Trouble with Task Managers

I’ve been using Omnifocus for over 3 years now. It’s effectively become my second brain at this point. But lately, I’ve been running into a few hiccups.


For anyone interested in GTD or task management, I doubt I need to mention how gorgeous Things 3 is. Looking at Omnifocus feels like I’m looking at a complicated spreadsheet now. I’d switch to Things in a heartbeat, but it’s lack of sequential tasks or perspectives are deal breakers. I also find that the sidebar gets quite overwhelming fairly quickly if you use a task manager to the extent that I do. If they’d add the ability to have headers in Areas, I’d be thrilled.

Sharing Lists

Now that I’m sharing tasks with another person, mainly my grocery list, I’ve had to look elsewhere and abandon my wonderfully organized list in Omnifocus. I’m back to using Reminders for now. For a brief time, I explored GoodTask and 2Do which both sync with Reminders, but found GoodTask lacking in features and 2Do just too complicated.


Testing out Things 3, GoodTask, and 2Do really opened my eyes to how valuable a tagging system could be. While not critical to my workflow, I do think there is value in being able to assign things like energy levels, priorities, or people to certain tasks in addition to just their context. Multiple tags is on the roadmap for Omnifocus 3, but it is yet another thing to be desired in my current set up.

For now, I’ve resigned myself to keep using Omnifocus. Tags are at least on the roadmap, and sharing of lists has at least been hinted at so it seems like my best bet is to keep waiting. Hopefully, the next version will feature a simplified design as well and the wait will be worthwhile. Until then, it seems like I’ll be dealing with a little more friction when it comes to my task management system then I’d like.

4 thoughts on “Trouble with Task Managers

  1. muddyflanker says:

    Interesting. I tend to feel the same about Omni as you, while it’s generally good at its job it isn’t the most aesthetically pleasing app that is a joy to use. Hopefully v3 may address some of these.

    Have you found a way to replicate the Things’ ‘Today’ view as I find that is one of the biggest gaps in Omni? I don’t want to put arbitrary start dates/deadlines on tasks to get them to hide/show in Forecast, and the Next Task perspective just gets very messy when you have many active projects, plus it can’t be manually re-ordered. I’d like, as part of my morning review, to be able to create a custom task list for the day, maybe from all the Next and deadlined tasks, which self-destructs at midnight. This way I’d only have to think about which project to do next once (and it’s be further encouragement to do daily reviews). Any thoughts?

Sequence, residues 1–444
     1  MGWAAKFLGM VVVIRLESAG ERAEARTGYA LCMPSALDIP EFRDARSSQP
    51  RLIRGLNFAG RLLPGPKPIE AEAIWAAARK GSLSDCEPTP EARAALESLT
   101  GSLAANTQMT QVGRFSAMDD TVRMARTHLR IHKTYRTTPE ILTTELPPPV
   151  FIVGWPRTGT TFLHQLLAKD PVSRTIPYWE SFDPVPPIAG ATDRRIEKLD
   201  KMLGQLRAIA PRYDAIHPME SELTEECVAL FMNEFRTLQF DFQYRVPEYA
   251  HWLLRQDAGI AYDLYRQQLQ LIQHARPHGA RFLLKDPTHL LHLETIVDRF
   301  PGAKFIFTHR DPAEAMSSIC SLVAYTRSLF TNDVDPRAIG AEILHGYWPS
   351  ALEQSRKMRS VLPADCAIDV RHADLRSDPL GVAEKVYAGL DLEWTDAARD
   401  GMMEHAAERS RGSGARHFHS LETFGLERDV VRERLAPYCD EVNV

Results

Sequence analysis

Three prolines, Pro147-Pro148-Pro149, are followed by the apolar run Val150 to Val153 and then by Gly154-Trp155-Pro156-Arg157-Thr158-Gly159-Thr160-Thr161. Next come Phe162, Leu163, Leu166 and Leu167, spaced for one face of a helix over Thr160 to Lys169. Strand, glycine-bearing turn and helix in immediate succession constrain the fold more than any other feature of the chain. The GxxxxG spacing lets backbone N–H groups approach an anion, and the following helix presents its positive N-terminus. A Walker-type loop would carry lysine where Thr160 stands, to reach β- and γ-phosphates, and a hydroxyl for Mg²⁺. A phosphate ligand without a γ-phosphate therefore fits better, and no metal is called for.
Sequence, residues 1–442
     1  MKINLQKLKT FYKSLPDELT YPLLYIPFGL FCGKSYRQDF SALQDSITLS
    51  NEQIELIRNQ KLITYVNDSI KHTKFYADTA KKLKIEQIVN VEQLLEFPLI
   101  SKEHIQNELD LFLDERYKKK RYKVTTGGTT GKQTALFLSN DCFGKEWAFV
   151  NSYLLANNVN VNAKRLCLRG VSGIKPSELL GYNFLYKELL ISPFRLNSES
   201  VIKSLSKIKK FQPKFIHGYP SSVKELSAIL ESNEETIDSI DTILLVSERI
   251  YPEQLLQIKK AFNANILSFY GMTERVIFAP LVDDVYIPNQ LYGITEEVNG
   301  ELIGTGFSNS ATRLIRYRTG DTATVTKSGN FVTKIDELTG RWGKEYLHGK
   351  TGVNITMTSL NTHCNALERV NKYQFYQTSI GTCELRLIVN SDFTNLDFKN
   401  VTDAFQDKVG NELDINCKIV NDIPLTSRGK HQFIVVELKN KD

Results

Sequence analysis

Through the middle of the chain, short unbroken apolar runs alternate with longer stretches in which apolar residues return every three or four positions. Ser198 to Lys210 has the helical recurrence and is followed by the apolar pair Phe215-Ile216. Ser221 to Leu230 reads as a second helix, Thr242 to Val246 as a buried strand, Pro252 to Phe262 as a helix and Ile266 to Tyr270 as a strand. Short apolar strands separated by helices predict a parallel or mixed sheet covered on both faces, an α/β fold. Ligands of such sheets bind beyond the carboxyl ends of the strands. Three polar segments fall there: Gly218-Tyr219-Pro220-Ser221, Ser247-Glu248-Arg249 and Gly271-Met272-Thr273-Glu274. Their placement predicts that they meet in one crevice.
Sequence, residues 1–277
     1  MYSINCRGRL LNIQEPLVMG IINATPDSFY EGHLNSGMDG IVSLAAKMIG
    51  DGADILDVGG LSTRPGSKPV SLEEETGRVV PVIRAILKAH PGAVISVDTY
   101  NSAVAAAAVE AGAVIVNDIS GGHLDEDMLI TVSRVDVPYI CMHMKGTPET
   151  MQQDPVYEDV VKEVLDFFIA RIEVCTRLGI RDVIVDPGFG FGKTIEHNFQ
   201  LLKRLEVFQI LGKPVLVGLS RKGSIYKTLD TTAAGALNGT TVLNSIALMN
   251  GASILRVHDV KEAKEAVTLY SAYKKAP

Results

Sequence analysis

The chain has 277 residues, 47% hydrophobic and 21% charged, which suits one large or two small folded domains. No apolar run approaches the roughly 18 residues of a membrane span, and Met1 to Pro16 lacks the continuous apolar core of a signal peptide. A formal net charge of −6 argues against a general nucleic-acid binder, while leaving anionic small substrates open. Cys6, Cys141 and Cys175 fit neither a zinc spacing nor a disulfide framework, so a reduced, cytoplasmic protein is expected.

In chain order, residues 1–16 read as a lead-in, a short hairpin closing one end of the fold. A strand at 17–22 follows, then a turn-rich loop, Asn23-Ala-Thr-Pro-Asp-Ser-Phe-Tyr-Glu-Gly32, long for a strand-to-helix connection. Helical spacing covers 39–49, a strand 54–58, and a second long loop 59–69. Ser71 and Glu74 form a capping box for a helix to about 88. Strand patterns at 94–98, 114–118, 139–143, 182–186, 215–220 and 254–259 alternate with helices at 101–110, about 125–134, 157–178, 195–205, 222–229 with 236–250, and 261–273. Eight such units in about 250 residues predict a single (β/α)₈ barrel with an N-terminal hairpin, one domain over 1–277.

• Andrea says:

      I do have a Today perspective but I really only use it to plan out my day in the morning. Things’ Today view is project based (or in Omni lingo, “use project hierarchy”) but I prefer to have mine context-based (“don’t use project hierarchy”). After that, it’s grouped by context and filtered to show only the due or flagged available tasks.

      Each morning, I typically look Today to see what’s due (or what I didn’t finish from the day before) and then flag or unflag a few other available tasks to accomplish as well. Once I’ve done that, I switch back to my more drilled down @Home or @Work perspectives depending on where I’m working from.

  2. muddyflanker says:

    I suppose flagging tasks and basing a perspective on that might work for a Today view, and to filter m,y context views to just get today’s tasks might work, although it still apply a hierarchy sort to them rather than letting me manually order them. Will give it a go. Thanks for the thoughts.

    • Andrea says:

      It’s also worth noting, I try to organize my projects/folders with a priority in mind (work, grad school, personal, household) so that they at least sort in some sense of importance. It’s not perfect, and I do look forward to manual sorting, but in general, I get a list I can work from top to bottom mostly in order of importance without having to sort.

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